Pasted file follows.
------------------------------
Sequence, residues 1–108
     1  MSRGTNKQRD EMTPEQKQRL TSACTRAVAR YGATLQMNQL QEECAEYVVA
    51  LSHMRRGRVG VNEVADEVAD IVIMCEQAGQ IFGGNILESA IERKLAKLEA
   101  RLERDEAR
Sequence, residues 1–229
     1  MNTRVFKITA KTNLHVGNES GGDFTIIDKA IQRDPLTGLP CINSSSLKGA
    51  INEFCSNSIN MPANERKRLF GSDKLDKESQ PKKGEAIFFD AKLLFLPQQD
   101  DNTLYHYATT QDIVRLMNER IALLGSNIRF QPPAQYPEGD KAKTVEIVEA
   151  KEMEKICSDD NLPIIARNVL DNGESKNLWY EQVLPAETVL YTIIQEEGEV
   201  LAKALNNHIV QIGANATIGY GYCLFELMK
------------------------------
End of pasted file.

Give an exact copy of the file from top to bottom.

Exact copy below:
Sequence, residues 1–108
     1  MSRGTNKQRD EMTPEQKQRL TSACTRAVAR YGATLQMNQL QEECAEYVVA
    51  LSHMRRGRVG VNEVADEVAD IVIMCEQAGQ IFGGNILESA IERKLAKLEA
   101  RLERDEAR
Sequence, residues 1–229
     1  MNTRVFKITA KTNLHVGNES GGDFTIIDKA IQRDPLTGLP CINSSSLKGA
    51  INEFCSNSIN MPANERKRLF GSDKLDKESQ PKKGEAIFFD AKLLFLPQQD
   101  DNTLYHYATT QDIVRLMNER IALLGSNIRF QPPAQYPEGD KAKTVEIVEA
   151  KEMEKICSDD NLPIIARNVL DNGESKNLWY EQVLPAETVL YTIIQEEGEV
   201  LAKALNNHIV QIGANATIGY GYCLFELMK